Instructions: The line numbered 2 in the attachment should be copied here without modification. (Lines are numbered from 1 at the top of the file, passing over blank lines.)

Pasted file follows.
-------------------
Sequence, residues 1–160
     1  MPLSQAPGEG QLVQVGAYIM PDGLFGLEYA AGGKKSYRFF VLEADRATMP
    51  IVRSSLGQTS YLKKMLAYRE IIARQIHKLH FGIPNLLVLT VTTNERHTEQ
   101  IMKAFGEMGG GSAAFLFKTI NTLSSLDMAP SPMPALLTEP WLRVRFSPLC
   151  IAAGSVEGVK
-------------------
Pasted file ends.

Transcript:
     1  MPLSQAPGEG QLVQVGAYIM PDGLFGLEYA AGGKKSYRFF VLEADRATMP